Tips for Making Peace with your Ex
Friend-ly, okay, but friends?
Opinions vary on the viability of post-marriage friendship. Tivers believes that as long as the relationship is based on honor and respect, you can't go wrong. Many divorcing couples don't have friendship in mind after dividing the assets, but there are exceptions. Sometimes friendships between former spouses spring naturally from the freedom of being out of the marital bond. Some couples even maintain a physical relationship, continuing to sleep with each other after they split up.
Dr. Constance Ahrons, author of The Good Divorce, notes that some couples don't even begin their marriage as friends, and therefore have no friendship to return to. "Sometimes friendships develop over time," Ahrons says, "but it's not the goal of the post-divorce relationship. How would you act toward a colleague you don't see very often?" You can be friendly and courteous without actually being friends.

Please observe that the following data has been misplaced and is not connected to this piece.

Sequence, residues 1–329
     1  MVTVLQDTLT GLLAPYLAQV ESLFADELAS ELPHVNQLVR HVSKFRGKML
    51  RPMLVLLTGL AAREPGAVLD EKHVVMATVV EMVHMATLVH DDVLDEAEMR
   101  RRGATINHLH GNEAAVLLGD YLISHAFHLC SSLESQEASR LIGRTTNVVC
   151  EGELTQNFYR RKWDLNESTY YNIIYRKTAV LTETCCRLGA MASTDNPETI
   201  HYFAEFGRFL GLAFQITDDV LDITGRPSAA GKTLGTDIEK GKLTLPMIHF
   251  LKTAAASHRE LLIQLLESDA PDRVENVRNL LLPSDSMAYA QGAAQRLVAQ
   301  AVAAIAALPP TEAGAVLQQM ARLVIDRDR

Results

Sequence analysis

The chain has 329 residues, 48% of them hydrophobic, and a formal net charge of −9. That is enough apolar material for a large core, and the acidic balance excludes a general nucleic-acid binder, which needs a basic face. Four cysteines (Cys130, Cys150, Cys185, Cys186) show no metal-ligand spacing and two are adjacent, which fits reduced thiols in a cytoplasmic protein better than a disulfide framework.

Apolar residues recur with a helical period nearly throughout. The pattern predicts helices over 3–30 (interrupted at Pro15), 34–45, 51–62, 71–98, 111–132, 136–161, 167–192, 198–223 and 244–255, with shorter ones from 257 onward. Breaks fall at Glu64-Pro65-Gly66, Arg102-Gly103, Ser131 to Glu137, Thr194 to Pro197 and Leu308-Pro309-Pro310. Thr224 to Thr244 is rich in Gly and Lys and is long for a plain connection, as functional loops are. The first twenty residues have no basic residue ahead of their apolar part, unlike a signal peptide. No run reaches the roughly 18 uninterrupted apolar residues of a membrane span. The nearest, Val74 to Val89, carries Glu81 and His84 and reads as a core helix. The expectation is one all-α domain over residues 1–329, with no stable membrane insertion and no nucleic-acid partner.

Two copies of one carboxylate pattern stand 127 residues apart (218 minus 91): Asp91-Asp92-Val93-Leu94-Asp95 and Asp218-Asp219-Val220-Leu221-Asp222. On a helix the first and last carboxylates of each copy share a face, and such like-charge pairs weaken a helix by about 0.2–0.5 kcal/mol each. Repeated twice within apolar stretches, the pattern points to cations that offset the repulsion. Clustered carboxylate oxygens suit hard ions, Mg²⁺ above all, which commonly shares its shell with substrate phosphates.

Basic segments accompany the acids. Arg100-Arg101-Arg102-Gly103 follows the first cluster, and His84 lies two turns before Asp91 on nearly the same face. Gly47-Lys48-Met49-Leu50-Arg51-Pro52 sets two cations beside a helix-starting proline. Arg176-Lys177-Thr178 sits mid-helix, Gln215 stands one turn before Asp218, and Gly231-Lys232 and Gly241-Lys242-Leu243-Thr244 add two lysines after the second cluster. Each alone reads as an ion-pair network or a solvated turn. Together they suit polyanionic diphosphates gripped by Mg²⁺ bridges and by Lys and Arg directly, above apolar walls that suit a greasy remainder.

If there's one unwavering constant about divorce arrangements, it's that children of divorce always suffer from animosity. Even if friendship isn't in the cards, avoid turning your child into the go-between, the peacekeeper, or from having to take sides with you or your ex.
- Never express negative sentiments about your ex in front of your children: venting and name-calling is damaging to their identity. Even if there's no contact between the two of you, speak positively or not at all. Your children will eventually form their own opinions.